Overwhelmingly, however, it is clear that Sara Lee is a company that is engaged in the arts and committed to the city of Chicago, and it takes a great deal of pride in its legacy of giving. At Sara Lee, as with many other Chicago businesses, whether local, national, or international, a new generation is taking the reins, and only time will tell whether this new group of leaders will mirror their predecessors in corporate giving and community involvement. Tryloff says she is both “optimistic and realistic,” sentiments that characterize us all as we move forward in this new millennium.

Robin S. Tryloff was recently named president of the Sara Lee Foundation, retaining her previous responsibilities as executive director of the Sara Lee Foundation and executive director-community relations for Sara Lee Corporation. Reflecting on her newly added role, she notes that she enjoys “the additional authority of governance.” She adds that, “Leading the board of trustees is an opportunity to play an even greater role in the future direction of the Foundation.”

With more than twenty-five years of experience in the public and private sectors, she is responsible for directing and administering Sara Lee's philanthropic activities, including corporate contributions and the Foundation's grants and awards programs, as well as Sara Lee's community relations programs. Tryloff is one of a small but growing cadre of arts grantmakers who have been appointed to head foundations or corporate contributions programs with giving portfolios that include the arts within a broad range of social concerns.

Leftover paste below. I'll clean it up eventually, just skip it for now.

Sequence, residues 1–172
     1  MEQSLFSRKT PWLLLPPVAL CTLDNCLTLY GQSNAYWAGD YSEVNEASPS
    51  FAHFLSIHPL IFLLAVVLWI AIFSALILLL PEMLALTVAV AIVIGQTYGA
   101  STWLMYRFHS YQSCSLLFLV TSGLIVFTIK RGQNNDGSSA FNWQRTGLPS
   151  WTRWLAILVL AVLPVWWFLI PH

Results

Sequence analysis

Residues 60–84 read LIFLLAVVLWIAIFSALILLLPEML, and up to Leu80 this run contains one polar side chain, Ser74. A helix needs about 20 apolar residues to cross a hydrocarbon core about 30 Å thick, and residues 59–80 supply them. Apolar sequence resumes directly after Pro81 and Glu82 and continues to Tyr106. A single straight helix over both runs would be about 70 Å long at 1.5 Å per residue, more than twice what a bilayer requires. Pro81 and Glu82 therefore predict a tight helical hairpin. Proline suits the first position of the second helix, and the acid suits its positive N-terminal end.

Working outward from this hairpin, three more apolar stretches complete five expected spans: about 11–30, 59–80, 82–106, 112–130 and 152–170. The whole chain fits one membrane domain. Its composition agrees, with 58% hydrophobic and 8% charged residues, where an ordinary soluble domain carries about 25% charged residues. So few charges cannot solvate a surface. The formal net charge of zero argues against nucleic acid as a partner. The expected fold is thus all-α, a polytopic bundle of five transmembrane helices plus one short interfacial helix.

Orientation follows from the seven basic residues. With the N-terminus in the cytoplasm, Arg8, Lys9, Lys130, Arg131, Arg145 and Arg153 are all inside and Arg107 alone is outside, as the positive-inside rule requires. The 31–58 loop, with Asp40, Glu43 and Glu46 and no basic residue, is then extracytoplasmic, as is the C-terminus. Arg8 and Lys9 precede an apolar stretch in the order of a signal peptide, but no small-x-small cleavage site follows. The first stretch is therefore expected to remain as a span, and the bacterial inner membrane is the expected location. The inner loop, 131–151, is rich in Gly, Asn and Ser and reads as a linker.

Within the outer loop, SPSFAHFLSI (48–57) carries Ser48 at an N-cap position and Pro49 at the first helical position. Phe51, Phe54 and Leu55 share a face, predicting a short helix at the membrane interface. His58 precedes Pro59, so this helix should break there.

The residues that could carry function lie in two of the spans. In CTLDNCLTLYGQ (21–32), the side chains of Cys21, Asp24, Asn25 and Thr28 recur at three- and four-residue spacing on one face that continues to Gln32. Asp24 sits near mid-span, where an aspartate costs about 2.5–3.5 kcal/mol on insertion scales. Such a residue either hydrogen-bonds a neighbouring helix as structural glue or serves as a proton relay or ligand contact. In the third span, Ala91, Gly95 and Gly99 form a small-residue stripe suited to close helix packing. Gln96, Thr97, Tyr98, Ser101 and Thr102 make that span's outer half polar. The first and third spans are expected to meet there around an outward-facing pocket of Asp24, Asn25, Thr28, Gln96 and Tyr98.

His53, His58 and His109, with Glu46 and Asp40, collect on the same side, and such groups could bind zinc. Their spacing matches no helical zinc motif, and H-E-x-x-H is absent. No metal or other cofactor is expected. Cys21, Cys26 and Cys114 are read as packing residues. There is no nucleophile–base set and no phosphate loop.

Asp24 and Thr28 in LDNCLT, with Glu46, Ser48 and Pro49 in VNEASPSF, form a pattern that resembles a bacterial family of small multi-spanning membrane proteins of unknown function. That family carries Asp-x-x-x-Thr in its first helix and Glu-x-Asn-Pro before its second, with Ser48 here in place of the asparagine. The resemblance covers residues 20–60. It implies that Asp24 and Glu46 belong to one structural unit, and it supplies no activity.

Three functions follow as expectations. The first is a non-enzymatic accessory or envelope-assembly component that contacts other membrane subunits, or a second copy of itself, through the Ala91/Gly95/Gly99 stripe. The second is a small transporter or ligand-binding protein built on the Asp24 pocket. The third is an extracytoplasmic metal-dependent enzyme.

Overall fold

Prior to joining Sara Lee in 1991 as the Foundation's executive director, Tryloff was a consultant to the John D. and Catherine T. MacArthur Foundation in Chicago, and previously held executive director positions with the Illinois Arts Council and the Nebraska Arts Council. She began her career as a program specialist for the NEA and subsequently served on several NEA grant review panels and conducted site visits for the NEA. She currently participates on several boards and councils, including the Council on Foundations, the board of the Donors Forum of Chicago (vice chair), the Conference Board Contributions Council, the United Way Chicago Council, and Music and Dance Theater Chicago. Tryloff earned a bachelor's degree from the University of Michigan and a master's degree from the University of Chicago.

Suzanne Sato is program consultant, Gilman Foundation.

1/1/06 Update: Robin Tryloff is an independent consultant and a senior advisor to the Council on Foundations in Washington, D.C.

Randy White is president of the Sara Lee Foundation.